China Observations – Health care (attempt 2?)
I don’t know what happened to my last one. But here ya go….. ATTEMPT NUMBER 2!!!!
(this took me all morning to figure out.)
So here are a few links.
1) My podcast on the subject.
2) the article from my aunt. (below)
It’s almost six years now, since my double mastectomy. Surgery is not for the faint of heart. Not for anyone, of any age. But perhaps certain countries are slightly more frightening than others? Let me tell you a little about China’s health care.
First of all, you don’t go to see doctors. Well, not in their offices. They don’t have offices. You go directly to the hospital, which resembles an enormous emergency room. Which is exactly what it is. You may or may not get to see someone the same day you go, or you may need to go back the next day. I believe it’s like an old fashioned bakery; you arrive, take a number, and wait your turn. No one checks to see if my broken arm should take precedence over your sore throat.
Speaking of sore throats, the sticks that they use to inspect them? We used to call them the “Ahh” sticks (as in “Say Ahhh”)? Theirs are wooden, just like ours, but they reuse them. No kidding. They dip them into a solution of … something … and use them on the next patient. I’ve been told that they don’t have a medicinal taste, so no one is quite sure what the “solution” actually is.
They also don’t change gloves. It apparently doesn’t matter who or what the gloves have touched.
Our English ESL teacher had trouble getting her Chinese visa. It took three months and she finally arrived just after Christmas. In the mean time, other teachers had to teach her classes (which was a terrible strain, but we survived it). Then, over the New Year holiday, she fell off the Great Wall. If it wasn’t such a tragedy, it would sound like the beginning of a bad joke.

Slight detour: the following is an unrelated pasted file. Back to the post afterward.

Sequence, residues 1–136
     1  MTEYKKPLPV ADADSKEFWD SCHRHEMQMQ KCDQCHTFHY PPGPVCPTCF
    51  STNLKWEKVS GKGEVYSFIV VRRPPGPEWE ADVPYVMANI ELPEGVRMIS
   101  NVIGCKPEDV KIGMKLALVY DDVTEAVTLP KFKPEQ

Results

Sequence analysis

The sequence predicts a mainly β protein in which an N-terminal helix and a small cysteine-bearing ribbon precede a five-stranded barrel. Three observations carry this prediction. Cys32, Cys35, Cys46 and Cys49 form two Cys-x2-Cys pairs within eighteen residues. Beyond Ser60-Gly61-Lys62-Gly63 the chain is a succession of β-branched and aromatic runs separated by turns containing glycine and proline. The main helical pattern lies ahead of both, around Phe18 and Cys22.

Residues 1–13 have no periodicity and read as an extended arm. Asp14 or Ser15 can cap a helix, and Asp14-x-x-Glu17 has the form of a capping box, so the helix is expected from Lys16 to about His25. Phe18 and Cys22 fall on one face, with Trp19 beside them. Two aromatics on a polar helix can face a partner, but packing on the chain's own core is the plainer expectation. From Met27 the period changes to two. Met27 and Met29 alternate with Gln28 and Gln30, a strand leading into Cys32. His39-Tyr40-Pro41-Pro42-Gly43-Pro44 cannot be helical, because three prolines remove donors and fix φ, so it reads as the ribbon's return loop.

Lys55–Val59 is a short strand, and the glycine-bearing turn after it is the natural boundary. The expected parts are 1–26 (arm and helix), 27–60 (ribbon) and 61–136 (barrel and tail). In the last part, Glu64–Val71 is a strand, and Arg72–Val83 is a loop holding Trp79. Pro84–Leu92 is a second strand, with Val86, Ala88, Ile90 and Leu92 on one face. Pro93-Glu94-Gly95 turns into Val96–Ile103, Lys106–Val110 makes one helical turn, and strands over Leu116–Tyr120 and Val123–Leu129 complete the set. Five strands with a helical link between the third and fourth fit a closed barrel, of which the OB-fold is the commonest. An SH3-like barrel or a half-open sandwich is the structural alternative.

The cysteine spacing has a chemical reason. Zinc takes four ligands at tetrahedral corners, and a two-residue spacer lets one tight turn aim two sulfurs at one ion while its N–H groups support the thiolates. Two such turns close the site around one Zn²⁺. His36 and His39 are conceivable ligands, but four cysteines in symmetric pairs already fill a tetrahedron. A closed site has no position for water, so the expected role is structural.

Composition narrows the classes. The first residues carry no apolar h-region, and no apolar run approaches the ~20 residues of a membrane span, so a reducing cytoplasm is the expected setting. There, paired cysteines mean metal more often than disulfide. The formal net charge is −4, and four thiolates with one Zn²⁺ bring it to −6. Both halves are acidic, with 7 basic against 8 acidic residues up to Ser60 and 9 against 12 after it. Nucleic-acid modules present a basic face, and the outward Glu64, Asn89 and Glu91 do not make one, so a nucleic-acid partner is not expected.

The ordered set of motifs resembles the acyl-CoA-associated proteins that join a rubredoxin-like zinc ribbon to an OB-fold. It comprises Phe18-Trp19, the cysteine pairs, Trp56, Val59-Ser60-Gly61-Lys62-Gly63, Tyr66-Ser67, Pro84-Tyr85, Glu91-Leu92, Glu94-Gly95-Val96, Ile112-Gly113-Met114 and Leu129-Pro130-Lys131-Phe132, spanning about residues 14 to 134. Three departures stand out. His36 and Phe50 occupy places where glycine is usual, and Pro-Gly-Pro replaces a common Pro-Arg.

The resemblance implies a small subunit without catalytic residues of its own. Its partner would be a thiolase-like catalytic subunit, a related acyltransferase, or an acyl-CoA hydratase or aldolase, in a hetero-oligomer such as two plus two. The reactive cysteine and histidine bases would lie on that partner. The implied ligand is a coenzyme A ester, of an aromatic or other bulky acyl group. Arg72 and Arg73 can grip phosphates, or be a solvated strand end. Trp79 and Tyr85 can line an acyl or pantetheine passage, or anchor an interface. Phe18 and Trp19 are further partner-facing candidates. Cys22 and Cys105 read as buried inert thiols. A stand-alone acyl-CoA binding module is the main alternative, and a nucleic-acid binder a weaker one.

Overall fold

She needs surgery on both of her knees. There are two kinds of surgery: replacements or repairs and the surgeons who perform one kind, do not perform the other. She has opted for knee repair on one leg and will wait six months to have the other repaired.
Her surgery will not be arthroscopic which means they will need to cut her open. This also means that her recovery will take longer than hoped. Another fly in the ointment: she is allergic to anesthesia, so they will be cutting her open and she’ll be fully awake. Hopefully numbed – but even still.
The rest of the staff is, once again covering her classes.
Surgery was scheduled for this coming week. But, but, but. There’s a bug going around and she caught it. Her throat became so swollen that she was having trouble breathing. She returned to the hospital a dozen more times to find out what was wrong. The first six visits didn’t accomplish much. Finally someone decided that she needed five IV treatments on five different visits to get rid of the virus. (This didn’t sound right to me – I thought you couldn’t get rid of a virus?) She needs to be virus free before the surgery takes place.
But here’s the kicker. She needs to be checked into the hospital, and ready to be cut open BEFORE the insurance company will sign off on whether or not they will pay for the procedure. She doesn’t have enough to worry about? What with the rubber gloves and not being able to communicate with the surgeon directly?
According to a study done in 2000 (before the birth of the Affordable Care Act) the United States ranked 15th in performance but 1st in how expensive health care coverage was – which bumped it down to 37th in the world. Pop quiz: Best and most affordable health care in the world? A) Canada B) Sweden C) Italy D) France? Canada ranks 30th, Sweden ranks 23rd, Italy ranks 2nd, and France ranks 1st.
Granted, that was sixteen years ago. I wonder where we sit now? But 37th is … we can and should do better. N’est-ce pas?